In March, 2019, Egypt participated in the “Going Digital” Summit hosted by the Organization for Economic Cooperation and Development (OECD) in its headquarter in Paris and also participated in the Committee on Digital Economy Policy (CDEP), 78th session, on Artificial Intelligence at OECD headquarter in Paris.
In addition to that, Egypt adopted the Egyptian Government Cloud (EG – Cloud) since the public sector’s ICT infrastructure has grown over several decades to meet the increasing demand for the automation of government processes, storage and management of government data, and provision of some online services to citizens. Such cloud computing model provides an opportunity for the Egyptian government to deliver efficient, cost-effective public services as well as for the private sector. This had been applied also in the General Authority for Investment and Free Zones (GAFI) regarding the incorporation of the companies electronically, in addition to other services provided by the Investor Service Center.
All the aforementioned are serious attempts proceeded by the Egyptian government in order to develop the enforcement of ICT in many aspects in Egypt, such as; health, education, commerce … etc. The last of these attempts was cooperating with the Russian ICT sector due to its vast experience and immense potentials. In these regards, the Minister of Communications and Information Technology Mr. Amr Talaat and the Russian Minister of Digital Development, Communications and Mass Media Mr. Konstantin Noskov have chaired a forum to enhance cooperation and explore partnership opportunities between Russian and Egyptian ICT companies, at the headquarters of the Ministry of Communications and Information Technology (MCIT) in Smart Village (SV). Such forum included a number of companies operating in ICT fields, such as cybersecurity, communications network security solutions, smart city management solutions, communications infrastructure, fiber optic cables, digital ID, and control and monitoring systems.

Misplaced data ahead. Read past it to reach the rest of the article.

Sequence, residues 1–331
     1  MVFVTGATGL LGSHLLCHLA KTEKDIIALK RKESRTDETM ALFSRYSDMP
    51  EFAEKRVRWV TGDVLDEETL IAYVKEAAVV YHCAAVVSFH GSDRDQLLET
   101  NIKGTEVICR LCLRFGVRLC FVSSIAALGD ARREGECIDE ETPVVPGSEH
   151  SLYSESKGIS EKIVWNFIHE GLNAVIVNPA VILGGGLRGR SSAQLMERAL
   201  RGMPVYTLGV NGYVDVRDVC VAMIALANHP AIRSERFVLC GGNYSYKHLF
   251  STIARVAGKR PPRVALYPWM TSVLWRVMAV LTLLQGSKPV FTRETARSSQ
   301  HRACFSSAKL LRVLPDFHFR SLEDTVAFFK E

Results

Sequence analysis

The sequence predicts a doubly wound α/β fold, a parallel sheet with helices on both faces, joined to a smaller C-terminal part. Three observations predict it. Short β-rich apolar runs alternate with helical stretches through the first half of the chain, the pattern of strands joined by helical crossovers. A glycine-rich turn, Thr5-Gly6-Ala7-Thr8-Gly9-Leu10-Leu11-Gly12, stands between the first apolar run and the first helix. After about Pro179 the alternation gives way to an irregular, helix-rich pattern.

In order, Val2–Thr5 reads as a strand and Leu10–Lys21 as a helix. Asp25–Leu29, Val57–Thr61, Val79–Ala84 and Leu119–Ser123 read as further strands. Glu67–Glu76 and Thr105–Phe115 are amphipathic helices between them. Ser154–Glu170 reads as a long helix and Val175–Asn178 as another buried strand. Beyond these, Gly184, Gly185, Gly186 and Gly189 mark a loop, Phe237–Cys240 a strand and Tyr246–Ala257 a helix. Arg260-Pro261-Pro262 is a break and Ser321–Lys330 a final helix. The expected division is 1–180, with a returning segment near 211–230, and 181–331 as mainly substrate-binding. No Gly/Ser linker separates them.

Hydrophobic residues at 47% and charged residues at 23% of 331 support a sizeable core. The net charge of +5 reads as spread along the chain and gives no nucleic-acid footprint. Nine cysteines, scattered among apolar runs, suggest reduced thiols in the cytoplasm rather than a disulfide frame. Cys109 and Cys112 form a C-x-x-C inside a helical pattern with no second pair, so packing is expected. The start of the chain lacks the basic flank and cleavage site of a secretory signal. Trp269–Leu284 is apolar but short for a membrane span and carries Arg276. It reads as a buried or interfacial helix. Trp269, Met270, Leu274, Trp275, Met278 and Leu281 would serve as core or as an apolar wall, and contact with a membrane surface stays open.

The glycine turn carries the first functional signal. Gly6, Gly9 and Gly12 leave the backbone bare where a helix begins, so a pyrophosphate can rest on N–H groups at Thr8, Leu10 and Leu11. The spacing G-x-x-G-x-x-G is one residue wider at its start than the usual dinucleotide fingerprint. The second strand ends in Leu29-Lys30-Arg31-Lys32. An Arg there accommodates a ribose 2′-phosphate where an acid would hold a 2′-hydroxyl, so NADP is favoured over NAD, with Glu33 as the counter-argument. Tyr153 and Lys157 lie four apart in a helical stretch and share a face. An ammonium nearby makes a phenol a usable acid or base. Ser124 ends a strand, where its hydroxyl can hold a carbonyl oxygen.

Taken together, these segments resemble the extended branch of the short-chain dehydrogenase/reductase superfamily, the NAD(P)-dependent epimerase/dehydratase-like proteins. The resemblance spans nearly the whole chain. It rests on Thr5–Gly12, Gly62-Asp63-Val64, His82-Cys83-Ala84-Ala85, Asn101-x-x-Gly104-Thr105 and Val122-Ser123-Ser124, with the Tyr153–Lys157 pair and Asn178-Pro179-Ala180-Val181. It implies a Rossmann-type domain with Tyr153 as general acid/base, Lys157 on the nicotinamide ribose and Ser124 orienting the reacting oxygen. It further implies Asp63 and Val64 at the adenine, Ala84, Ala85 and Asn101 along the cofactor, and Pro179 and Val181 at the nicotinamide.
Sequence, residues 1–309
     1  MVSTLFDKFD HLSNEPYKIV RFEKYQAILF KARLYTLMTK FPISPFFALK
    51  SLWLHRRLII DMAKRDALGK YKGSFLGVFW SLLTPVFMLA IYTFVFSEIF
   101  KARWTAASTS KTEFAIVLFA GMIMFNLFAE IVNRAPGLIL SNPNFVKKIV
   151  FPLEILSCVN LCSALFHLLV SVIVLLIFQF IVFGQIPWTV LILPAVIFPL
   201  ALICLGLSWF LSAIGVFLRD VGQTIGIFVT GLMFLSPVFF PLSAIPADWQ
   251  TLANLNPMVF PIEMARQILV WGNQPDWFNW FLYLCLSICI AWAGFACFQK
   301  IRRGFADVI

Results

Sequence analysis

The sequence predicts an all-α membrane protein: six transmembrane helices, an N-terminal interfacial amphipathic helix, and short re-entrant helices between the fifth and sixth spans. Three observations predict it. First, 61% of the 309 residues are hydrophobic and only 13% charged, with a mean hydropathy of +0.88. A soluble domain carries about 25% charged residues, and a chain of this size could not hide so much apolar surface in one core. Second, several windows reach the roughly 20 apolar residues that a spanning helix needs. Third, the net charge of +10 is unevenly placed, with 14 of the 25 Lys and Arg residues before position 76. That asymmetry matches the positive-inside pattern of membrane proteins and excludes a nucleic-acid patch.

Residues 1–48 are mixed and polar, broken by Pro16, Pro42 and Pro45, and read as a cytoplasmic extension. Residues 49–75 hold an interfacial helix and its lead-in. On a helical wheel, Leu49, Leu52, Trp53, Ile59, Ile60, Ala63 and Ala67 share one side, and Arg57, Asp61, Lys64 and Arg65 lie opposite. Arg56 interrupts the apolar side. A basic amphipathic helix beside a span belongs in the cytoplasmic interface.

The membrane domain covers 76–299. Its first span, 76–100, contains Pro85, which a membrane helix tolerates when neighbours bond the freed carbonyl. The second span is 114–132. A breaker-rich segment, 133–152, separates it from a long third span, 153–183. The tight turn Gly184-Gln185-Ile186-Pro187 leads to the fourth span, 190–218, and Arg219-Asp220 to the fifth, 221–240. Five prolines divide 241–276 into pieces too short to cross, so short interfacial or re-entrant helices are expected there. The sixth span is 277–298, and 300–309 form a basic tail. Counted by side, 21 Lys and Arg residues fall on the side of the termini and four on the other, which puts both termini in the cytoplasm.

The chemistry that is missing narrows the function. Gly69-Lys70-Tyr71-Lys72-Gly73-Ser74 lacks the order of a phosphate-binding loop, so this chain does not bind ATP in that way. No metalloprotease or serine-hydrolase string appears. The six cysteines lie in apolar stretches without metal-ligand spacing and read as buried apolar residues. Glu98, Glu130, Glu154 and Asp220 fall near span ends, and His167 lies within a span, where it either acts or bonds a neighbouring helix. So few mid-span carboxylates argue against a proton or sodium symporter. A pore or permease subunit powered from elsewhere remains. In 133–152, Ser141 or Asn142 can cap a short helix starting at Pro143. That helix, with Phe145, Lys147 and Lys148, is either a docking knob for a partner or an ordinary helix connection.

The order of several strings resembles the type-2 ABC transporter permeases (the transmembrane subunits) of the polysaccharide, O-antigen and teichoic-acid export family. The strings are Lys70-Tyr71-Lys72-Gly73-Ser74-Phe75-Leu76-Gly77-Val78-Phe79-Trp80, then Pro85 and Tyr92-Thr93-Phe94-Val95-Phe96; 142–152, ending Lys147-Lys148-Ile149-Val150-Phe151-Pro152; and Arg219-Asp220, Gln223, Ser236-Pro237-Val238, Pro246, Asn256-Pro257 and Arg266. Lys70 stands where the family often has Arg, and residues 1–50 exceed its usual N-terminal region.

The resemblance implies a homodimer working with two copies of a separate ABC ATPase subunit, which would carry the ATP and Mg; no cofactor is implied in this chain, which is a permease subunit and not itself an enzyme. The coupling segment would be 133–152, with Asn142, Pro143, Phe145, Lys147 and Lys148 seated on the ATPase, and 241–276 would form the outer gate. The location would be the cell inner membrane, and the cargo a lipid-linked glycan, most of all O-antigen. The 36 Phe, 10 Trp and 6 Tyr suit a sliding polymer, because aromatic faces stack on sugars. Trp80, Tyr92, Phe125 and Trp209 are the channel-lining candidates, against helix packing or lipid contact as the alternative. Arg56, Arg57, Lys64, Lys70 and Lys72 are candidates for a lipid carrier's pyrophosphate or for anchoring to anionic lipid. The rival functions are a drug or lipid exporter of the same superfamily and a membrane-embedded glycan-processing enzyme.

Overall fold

This was not the only participation of Egypt in ICT community, Egypt also engaged actively in a number of international organizations and initiatives working, either directly or indirectly in, ICT-related fields. Egypt’s role in this regard has developed over the years as the country has gained growing influence in the international ICT community, such as; the Internet Governance Forum (IGF), the International Telecommunication Union (ITU) and the World Summit on the Information Society (WSIS).
Moreover, regarding the cybersecurity, and as a result of Russian-Egyptian cooperation, the legislation authority in Egypt is working on issuing a new law “Cybersecurity Law”. That Law defines the obligations of those controlling data and information and establishes rules to ensure they secure their information space as well as the data, systems, programs and networks contained therein.
It also establishes a system to manage the operation of information resources, and means of securing information operation sites and accessing information and networks. Additionally, the law aims to combat crime related to information systems and networks in order to help maintain national security, preserve the rights of legitimate users of computers and information networks, and protect the public interest.
It is well known that all the aforementioned strategies and developments in the field of information and communication technology will improve the business and investments field in Egypt to keep pace with the global developments which will affect positively on Egypt’s score in the World Bank Rank. It is also definitely known that such developments and technics require to be legally constituted and regulated in order to preserve rights and obligations of all involved parties which indicates on the important role of legal community in the forthcoming period.